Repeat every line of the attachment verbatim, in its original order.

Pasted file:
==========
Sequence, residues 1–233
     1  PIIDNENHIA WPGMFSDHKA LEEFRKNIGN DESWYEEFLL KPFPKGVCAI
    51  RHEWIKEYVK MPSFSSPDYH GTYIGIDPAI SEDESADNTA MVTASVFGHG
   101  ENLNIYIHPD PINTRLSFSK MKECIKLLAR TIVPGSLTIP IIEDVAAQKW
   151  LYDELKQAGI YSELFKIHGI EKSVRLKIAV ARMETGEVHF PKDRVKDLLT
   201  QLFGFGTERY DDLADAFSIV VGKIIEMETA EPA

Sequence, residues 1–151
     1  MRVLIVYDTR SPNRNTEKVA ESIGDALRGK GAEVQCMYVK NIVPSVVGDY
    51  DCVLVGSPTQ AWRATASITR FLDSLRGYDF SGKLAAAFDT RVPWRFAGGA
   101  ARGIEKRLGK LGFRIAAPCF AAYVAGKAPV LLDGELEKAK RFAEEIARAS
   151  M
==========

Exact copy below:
Sequence, residues 1–233
     1  PIIDNENHIA WPGMFSDHKA LEEFRKNIGN DESWYEEFLL KPFPKGVCAI
    51  RHEWIKEYVK MPSFSSPDYH GTYIGIDPAI SEDESADNTA MVTASVFGHG
   101  ENLNIYIHPD PINTRLSFSK MKECIKLLAR TIVPGSLTIP IIEDVAAQKW
   151  LYDELKQAGI YSELFKIHGI EKSVRLKIAV ARMETGEVHF PKDRVKDLLT
   201  QLFGFGTERY DDLADAFSIV VGKIIEMETA EPA

Sequence, residues 1–151
     1  MRVLIVYDTR SPNRNTEKVA ESIGDALRGK GAEVQCMYVK NIVPSVVGDY
    51  DCVLVGSPTQ AWRATASITR FLDSLRGYDF SGKLAAAFDT RVPWRFAGGA
   101  ARGIEKRLGK LGFRIAAPCF AAYVAGKAPV LLDGELEKAK RFAEEIARAS
   151  M